Marginalia, Graduate Blog

The Structure of the First Year

Evan Baden

Graduate Seminar – the most important class

I am trying to finish up answering some of the most commonly asked questions that applicants to the Photography MFA program have before the application deadline. One of those questions is about what the structure of the first year is like.

While there is some flexibility in the first year, it is pretty much set. The first semester includes three classes. During two of the six semesters of the program, students are required to take 12 credits (instead of only 9), which means three classes instead of two. It is nice to get those two semesters of three classes out of the way early so that the rest of the time you are here, you can focus more on work.

Semester One

The first class is a digital class. This class is fairly basic and gets everyone on the same page when it comes to how to work with digital, and mostly film to digital. It tends to be quite important for those students that maybe took time off and didn’t have a huge background in digital while they were in undergrad. In my case, I was actually running a digital lab for a college before coming back to school and “tested out” of the class, so if you do have a deep knowledge of digital, it is possible to not waste the credits.

My blog for history class

The second class is an issues/history class. It is not really photo history the way that it is commonly thought of. There is no learning about certain photographers with slide exams to see if you can identify work. It is more of a discussion about the issues that revolve around photo history. You will read a lot of essays, and the class mainly consists of response writings in the form of blogs and discussion.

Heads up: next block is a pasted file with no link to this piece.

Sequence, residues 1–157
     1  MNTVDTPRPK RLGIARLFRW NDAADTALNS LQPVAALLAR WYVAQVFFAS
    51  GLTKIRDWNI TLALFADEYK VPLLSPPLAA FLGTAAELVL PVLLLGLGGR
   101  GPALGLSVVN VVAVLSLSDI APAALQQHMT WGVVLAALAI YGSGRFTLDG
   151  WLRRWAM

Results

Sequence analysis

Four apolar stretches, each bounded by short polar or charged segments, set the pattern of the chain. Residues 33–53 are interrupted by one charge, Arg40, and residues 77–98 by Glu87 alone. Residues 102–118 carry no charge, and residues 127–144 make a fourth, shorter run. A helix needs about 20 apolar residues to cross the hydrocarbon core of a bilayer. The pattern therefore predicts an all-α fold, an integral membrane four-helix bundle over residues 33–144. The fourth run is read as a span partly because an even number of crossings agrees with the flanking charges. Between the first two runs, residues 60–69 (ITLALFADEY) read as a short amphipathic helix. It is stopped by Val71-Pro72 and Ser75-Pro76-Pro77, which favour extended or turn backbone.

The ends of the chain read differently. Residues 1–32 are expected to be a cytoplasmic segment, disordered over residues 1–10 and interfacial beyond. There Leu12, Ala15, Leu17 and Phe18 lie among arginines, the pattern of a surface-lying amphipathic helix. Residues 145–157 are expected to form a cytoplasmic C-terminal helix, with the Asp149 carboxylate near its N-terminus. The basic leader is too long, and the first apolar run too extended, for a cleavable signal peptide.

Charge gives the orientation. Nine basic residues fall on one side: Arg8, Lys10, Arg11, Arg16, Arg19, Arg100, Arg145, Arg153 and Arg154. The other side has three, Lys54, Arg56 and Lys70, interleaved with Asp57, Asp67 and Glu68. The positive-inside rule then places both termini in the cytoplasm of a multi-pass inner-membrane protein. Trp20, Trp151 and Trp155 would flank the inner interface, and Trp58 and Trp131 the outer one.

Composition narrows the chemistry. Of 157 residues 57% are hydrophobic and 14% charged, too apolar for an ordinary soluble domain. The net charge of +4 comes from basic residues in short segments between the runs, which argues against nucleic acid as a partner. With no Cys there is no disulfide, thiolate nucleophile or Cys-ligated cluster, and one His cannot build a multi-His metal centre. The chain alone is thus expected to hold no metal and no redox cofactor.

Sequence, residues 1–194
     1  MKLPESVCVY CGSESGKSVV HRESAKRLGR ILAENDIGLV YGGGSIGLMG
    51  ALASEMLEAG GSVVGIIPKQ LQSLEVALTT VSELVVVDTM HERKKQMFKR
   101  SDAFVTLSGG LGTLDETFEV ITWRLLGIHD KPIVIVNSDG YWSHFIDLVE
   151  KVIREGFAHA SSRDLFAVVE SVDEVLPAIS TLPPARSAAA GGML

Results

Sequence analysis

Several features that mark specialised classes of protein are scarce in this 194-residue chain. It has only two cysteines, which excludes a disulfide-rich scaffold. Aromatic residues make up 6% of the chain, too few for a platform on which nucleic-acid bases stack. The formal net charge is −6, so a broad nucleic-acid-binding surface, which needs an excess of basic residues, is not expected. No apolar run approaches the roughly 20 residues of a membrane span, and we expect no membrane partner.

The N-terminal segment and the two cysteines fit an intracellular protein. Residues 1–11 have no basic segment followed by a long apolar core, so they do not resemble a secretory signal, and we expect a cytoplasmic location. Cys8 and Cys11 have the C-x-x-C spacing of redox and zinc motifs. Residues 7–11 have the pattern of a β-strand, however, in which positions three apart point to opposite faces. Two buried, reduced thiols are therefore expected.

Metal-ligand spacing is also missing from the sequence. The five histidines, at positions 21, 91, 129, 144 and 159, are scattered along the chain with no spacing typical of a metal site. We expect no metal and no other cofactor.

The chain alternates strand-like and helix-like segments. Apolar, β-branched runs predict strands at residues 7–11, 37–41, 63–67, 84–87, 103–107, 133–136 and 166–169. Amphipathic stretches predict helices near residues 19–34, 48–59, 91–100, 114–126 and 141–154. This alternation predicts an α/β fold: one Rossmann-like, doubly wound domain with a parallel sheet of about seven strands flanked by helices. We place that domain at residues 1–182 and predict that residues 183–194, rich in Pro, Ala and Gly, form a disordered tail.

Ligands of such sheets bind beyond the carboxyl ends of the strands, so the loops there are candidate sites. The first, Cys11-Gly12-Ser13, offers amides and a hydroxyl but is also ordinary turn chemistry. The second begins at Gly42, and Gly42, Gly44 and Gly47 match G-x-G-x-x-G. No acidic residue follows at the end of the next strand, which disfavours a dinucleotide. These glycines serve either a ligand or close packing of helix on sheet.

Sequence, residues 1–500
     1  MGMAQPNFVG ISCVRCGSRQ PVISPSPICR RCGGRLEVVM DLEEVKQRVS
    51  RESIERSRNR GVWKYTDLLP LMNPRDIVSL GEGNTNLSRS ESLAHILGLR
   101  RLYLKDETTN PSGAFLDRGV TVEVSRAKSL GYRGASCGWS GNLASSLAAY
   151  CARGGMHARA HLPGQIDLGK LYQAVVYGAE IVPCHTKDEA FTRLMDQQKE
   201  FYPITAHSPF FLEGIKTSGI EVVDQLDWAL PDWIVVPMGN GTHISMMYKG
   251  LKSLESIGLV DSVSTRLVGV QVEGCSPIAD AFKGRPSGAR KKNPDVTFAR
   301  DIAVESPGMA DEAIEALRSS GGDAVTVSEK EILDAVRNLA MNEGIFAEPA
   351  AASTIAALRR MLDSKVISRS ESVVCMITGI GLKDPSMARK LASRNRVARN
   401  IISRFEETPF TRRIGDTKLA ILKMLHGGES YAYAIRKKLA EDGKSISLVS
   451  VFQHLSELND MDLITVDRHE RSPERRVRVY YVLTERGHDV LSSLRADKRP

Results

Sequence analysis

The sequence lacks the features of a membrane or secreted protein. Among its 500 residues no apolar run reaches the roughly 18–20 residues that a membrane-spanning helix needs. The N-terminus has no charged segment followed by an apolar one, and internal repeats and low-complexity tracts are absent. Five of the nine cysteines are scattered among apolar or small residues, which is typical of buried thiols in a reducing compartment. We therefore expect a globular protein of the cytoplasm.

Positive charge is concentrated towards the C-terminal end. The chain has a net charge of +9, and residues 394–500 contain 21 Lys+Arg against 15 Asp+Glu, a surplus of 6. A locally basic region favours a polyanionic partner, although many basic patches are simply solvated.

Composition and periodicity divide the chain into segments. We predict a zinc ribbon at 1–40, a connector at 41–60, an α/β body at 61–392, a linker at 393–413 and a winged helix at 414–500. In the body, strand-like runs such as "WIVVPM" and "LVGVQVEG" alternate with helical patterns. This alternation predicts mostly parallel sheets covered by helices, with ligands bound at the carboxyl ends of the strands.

Then there is seminar. You will take this class every semester for the first two years of the program. It is an all-day class that meets every Friday. This is where you show the work that you are making. It is co-taught by two instructors. Those two instructors change every semester. The rate that you will be showing work will change depending on how many students are in the class (both first- and second-year students attend the class together). Currently, we are divided into three groups and show work every three weeks.

Semester Two

In the second semester, there are two classes that you are required to take. There is, of course, seminar. You will have two new instructors from the full-time faculty, and they may structure the class differently than your first-semester seminar. It is up to them.

The second required course is a contemporary criticism class. This is a lot like the issues/history course from the first semester, but the issues and readings are more current and more about contemporary practice. Again, there is a lot of blogging and discussion.

Finished book and slipcase for Visual Books, my elective

That’s all that’s required, but I think it is good to take a third class here as well. Last year, I took a book class, and there are a variety of options open for classes to fit into a slot. But you always have the option of taking it slower the second semester, catching your breath, and concentrating more on your own work instead.

That pretty much sums up the first year here in the Photography MFA program at Columbia.

The Structure of the First Year

I am trying to finish up answering some of the most commonly asked questions that applicants to the Photography MFA program have before the application deadline. One of those questions …

I earned my B.F.A from the College of Visual Arts in St. Paul, Minnesota in 2007. Since 2006, I have created two bodies of work, The Illuminati and Technically Intimate. They have been exhibited internationally with museums and galleries in London, Paris, Venice, Florence, Finland, The Netherlands, Toronto and throughout the United States. My work is held in the collections of the Walker Art Center, Milwaukee Art Museum, Museum of Contemporary Photography, and the Kinsey Institute. Pieces have also appeared in numerous publications, including TIME, The Guardian, FOAM, New York Magazine, Le Monde, D della Repubblica, DUMMY, Geo, and DIE ZEIT. In 2008, I won the Jerome Fellowship for Emerging Artists. I have also been a finalist for the McKnight Fellowship for Photography and nominated for the Baum Award for Emerging American Photographers. Evan Baden, evan.baden@loop.colum.edu
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